Atwood, like his predecessors Raymond Chandler and Dashiell Hammett, uses some of the phrases that will be dated soon, but will fix forever the time and the place. For example, the "Got milk?" sequences had me laughing out loud. I know that this subgenre isn't supposed to be funny, but we all know that you just can't be dark all the time. Sometimes an in joke sets the time and place perfectly. East of A takes you on a ride through the rough, shadowed places of the human psyche and leaves you begging for more. Here looking for a sequel, kid.

--Kelly Chandler

East of A by Russell Atwood clearly captures the noir feel of New York City. Payton Sherwood is a down-on-his-luck private investigator who gets mugged the night he returns home from an out-of-town court case. He is now determined to get his Rolex back. His search leads him through the back alleys of NYC and brings him into contact with several interesting characters, both good and bad.

This is definitely not a cozy; Payton gets beaten up several times and does his own share of violence. The action is nonstop, and the characters are brought vividly to life. I especially liked Jimmy, a homeless gardener, and his dog, Pike. The only minor quibble I have is that I couldn't quite believe that he would get this involved over a watch no matter how valuable the watch was. But if you accept the beginning premise, the rest of the book is excellent. I will certainly be looking for the next book by Russell Atwood.

--Barbara Murray

What can be said of a man like Payton Sherwood? Is he a man without a city? Is he a man in search of a life he once had that is now out of reach and a neighborhood he once knew but is now foreign to him?

First let me begin by being positive. I believe Mr. Atwood is a talented writer. He writes with a certain flair for analogies that I envy. "The music was beating too loud to be polite, brute force was necessary to make any headway. I felt like a blood clot in the midst of angina." Mr. Atwood also captures the real essence of the people of Payton's neighborhood from the initially unknown Gloria through all the characters Payton meets along the way. Unfortunately most of those meetings wind up being detrimental to Payton's health. Mr. Atwood also does this with a great sense of humor. "The milkman swore. Then swore down at me, using his boot for punctuation. Talk about your lactose intolerants." As well as, "My eyes opened to a rose hue, but at least I could see out of both again. If I believed what I saw: a fuzzy blue house slipper tap-tapping the sidewalk in front of my face. Sprouting from it, a hairy, walnut-brown ankle growing up into a knobby knee. To see more of him, I had to turn over."

It is clear Mr. Atwood is very knowledgeable of the East Village and the people. The problem I had with the book was with the plot. I'm not sure I understand what was so important about a Rolex that you would risk your life several times over for it. More importantly, the first time Payton risked his life it wasn't even for his Rolex. It was for some total stranger involved in a situation that he happened upon. So I asked myself, was it really about the Rolex initially? It couldn't have been, otherwise Payton would have let it be once he got his watch back. And if it was not about the Rolex, then what was it about? Is Payton trying to fill some void in his life left by Clair? Does he feel he screwed up his relationship with her and now must do something to atone for that? Is he getting the mother/father/big brother fix by helping figure out who set Gloria up? Or is it about his neighborhood and wanting in some way to preserve it? Does he feel that by rescuing Gloria he is fulfilling some duty to protect and defend his neighborhood and its occupants, some of whom don't even know him? Do I care by the time it is all over with? Frankly, no. It took me a long time to read this book because I just could not care about what happened to these people and I sure as heck couldn't fathom why Payton should care.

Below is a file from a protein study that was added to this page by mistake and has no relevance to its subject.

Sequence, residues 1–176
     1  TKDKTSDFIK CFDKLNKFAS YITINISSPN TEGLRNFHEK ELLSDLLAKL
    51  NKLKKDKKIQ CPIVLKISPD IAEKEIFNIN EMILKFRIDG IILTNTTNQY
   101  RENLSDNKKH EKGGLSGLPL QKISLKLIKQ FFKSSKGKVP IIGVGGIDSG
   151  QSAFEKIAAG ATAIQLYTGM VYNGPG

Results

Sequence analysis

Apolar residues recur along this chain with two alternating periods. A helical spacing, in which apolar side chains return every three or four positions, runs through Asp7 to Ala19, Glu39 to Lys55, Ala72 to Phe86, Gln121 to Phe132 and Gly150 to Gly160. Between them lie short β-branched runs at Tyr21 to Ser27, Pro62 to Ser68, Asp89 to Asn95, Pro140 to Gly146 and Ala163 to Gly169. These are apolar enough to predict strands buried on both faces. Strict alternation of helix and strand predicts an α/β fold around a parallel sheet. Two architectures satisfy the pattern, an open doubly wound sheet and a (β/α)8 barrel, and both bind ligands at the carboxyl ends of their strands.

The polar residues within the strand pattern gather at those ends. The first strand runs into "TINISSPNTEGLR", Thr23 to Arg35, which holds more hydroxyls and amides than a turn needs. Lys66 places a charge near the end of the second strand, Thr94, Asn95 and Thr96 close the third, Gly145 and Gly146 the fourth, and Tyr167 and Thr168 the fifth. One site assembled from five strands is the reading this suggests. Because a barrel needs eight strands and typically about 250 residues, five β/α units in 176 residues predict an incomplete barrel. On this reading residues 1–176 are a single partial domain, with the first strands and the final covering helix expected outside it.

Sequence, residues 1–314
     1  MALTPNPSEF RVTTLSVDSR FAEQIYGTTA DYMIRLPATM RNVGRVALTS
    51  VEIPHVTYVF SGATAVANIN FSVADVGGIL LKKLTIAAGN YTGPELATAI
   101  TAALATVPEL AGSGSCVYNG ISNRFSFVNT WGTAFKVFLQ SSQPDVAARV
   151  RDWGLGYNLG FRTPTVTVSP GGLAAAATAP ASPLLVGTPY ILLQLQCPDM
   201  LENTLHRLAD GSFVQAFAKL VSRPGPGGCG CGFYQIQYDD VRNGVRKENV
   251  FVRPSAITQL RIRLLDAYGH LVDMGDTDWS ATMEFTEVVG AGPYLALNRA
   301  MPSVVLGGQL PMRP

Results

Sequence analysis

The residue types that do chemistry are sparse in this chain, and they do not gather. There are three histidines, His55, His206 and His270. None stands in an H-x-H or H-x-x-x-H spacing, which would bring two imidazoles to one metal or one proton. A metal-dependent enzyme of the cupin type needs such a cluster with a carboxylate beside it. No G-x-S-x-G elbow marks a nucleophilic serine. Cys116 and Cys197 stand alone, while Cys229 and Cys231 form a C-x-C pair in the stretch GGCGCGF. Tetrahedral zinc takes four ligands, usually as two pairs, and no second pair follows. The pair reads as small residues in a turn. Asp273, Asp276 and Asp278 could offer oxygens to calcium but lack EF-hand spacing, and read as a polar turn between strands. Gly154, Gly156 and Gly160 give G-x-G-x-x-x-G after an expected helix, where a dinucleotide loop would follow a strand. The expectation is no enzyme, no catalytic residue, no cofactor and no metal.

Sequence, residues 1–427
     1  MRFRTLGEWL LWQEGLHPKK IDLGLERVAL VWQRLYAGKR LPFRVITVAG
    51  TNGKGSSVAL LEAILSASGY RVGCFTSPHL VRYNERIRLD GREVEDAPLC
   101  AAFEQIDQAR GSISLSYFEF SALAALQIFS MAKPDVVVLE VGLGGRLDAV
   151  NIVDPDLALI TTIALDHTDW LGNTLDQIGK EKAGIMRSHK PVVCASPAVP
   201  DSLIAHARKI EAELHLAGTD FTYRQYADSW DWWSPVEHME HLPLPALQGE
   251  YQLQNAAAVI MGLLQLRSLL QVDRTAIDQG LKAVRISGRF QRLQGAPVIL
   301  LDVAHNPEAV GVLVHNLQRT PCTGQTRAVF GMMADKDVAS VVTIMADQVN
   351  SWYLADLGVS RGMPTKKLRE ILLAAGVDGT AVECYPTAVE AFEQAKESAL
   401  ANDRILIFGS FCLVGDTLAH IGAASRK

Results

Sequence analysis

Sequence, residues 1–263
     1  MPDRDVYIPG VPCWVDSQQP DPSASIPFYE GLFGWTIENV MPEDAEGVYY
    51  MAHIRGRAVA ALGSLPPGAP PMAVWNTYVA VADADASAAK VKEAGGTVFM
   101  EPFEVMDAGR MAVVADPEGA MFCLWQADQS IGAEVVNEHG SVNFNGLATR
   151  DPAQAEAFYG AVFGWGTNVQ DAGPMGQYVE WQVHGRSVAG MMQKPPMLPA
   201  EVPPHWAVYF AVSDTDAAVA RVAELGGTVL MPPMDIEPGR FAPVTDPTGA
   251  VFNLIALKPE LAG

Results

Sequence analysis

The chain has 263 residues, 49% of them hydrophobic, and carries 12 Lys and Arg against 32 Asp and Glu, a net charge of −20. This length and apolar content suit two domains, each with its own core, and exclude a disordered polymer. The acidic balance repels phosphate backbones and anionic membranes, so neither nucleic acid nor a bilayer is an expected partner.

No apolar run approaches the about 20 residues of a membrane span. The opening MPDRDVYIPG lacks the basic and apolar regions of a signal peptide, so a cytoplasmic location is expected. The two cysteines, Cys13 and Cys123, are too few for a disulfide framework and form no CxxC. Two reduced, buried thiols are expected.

The characters made much more of an impression on him then he ever made on them. And even at that, they wind up being mere images on a screen passing through his life. The incident with the Chungs and why they left the neighborhood and why that is important to the story is never explained! Gloria is left sleeping in his apartment while he goes clubbing and resolves the whole mystery. So what happens to Gloria? Does she thank him for absolving her of any wrongdoing and go back to living with the few friends she has among the living? Does she turn her life completely around because of what Payton has done for her? And what about the way this book ends? It ended so abruptly and left so much unexplained. The ending was as much a disappointment to me as the rest of the story. I really believe there should have been an epilogue.

I don't know if an epilogue would have solved all the problems I think this plot had, but it certainly would have helped. I read somewhere that this book was generating a lot of buzz before I had an opportunity to review it. I don't know what kind of buzz it is generating, but it must be among people who like the unusual and iconoclastic type of mystery novel with designer drugs as one of the threads winding through the plot (good luck finding the end of that string). It is cleary a novel for the 90's, but not for me!

Thank you so much for the opportunity to review a book and I would welcome this chance any time it came up again!

--Barbara Betts

More to come!